Version 2.0 by Alex Moschopoulos
Download (ZIP) | Fork on Github
After updating my Basic Grid framework to 2.0, I still wanted a header and drop-down menu system the way I did with 1.0. However, I desired to pull away from using floats and margins and see how I can use CSS Grid to improve on this.
Now I know hamburger menus have been a source of contention and debate in the UX community, but they are here to stay. It’s really up to the UX Designer to do everything in his/her power to make sure the end user isn’t confused on where to go. I do have plans to create a version of this menu that collapses to a smaller menu on the bottom...for those not into the hamburger.
Before you use this...
Unlike version 1.0, you do not need to use my Basic Grid system to utilize this menu (you can actually use this as a standalone), but you will need this CSS class set in order to make things work effectively in responsive design:
Again, I also used Normalize and Eric Meyer’s reset for improved cross-browser rendering. I did include a minified version of the two with the download, or you can use your own.
Setup and Configuration
The download contains a nested CSS file for those who don’t want to mess with SCSS (although you should learn it...it’s so worth it).
For those using SCSS, you will need to open the _config.scss and set up these two configuration variables:
// Individual height of menu items
These two configuration items are important because it’s needed to mathematically determine the height of the drop-down menu when one is in mobile. In order to semantically keep the menu an unordered list, but have the animation of the menu sliding down, a height was needed.
If you are more akin to using the straight CSS, then you’ll need to set the height of the drop-down menu on line 74 of the CSS code:
Your final number should be the number of items in your menu multiplied by the height of each item item as you see fit.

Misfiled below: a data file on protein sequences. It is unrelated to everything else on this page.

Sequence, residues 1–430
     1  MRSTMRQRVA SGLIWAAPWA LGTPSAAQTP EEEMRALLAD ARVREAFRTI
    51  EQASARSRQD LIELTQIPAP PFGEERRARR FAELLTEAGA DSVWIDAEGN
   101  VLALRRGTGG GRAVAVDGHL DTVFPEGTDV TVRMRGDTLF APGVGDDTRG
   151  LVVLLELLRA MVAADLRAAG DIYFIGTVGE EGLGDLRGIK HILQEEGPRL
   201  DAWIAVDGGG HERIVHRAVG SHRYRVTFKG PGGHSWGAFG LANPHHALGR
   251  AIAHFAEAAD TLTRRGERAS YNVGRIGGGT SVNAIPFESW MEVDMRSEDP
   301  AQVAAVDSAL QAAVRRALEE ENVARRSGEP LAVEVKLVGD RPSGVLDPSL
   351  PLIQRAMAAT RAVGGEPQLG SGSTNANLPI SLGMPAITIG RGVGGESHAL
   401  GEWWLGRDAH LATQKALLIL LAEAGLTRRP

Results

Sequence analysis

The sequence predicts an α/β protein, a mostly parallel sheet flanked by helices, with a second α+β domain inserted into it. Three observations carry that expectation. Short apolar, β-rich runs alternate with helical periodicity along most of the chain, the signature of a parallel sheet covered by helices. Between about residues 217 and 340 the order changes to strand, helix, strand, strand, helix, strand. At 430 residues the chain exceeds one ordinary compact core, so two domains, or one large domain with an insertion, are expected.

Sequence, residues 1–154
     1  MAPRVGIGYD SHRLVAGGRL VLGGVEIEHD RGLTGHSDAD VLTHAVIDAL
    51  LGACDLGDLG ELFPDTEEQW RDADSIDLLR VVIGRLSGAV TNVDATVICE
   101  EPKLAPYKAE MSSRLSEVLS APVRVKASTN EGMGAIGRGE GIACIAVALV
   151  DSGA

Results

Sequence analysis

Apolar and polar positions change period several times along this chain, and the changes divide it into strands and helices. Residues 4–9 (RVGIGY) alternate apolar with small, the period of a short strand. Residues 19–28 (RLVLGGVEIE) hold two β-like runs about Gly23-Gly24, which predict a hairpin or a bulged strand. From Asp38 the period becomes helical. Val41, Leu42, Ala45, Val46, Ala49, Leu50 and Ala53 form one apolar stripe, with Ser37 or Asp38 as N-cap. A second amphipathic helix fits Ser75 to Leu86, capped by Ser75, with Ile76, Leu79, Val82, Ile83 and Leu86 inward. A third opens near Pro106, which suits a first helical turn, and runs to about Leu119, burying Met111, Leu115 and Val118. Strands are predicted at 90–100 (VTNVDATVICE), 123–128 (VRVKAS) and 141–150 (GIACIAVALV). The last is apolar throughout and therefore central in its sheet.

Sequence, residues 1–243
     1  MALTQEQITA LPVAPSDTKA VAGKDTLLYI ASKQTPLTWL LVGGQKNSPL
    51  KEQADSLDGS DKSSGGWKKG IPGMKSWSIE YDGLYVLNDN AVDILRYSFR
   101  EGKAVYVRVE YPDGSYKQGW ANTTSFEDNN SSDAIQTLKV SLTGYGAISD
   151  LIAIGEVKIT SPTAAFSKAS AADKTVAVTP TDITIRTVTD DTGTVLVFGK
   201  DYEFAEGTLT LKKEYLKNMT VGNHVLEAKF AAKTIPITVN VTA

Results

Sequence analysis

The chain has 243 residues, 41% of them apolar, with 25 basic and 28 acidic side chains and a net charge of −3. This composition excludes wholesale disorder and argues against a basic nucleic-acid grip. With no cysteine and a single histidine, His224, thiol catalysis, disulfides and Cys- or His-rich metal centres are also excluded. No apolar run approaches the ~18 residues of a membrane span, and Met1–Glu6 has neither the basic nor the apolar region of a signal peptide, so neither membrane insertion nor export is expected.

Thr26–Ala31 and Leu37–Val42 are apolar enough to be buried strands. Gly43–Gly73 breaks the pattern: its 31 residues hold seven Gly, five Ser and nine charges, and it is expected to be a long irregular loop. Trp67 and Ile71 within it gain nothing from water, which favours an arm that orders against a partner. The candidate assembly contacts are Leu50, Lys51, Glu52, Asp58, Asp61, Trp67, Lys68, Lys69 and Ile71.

You’ll also need to decide if you want the menu to be fixed at the top or scroll with content. Just a true or false on this configuration variable:
// Place "true" in the variable if you want to,
// or "false" if you do not.
NOTE: At the time of this writing, the position:sticky feature has not gained full browser compliance, so be sure to do plenty of QA if you choose to use this.
The fonts and colors are up to you, but you can also change the labels that go on the menu button itself. Just be aware that you might have to tweak the placement in the CSS depending on what you enter.
// Bear in mind you might have to play with the
// placement depending on what you put.
Now let’s look at some examples.
Example 1: Standard Menu
The original header and menu that will scroll with content.
See the Pen CSS-only Drop-Down Hamburger Menu using CSS Grid by Alex Moschopoulos (@amportfolio) on CodePen.
Example 2: Sticky Header Menu
The same header and menu only fixed to the top so it does not scroll with the content.
See the Pen CSS-only Drop-Down Sticky Hamburger Menu using CSS Grid by Alex Moschopoulos (@amportfolio) on CodePen.
Questions? Comments? Suggestions?
Please feel free to reach out!
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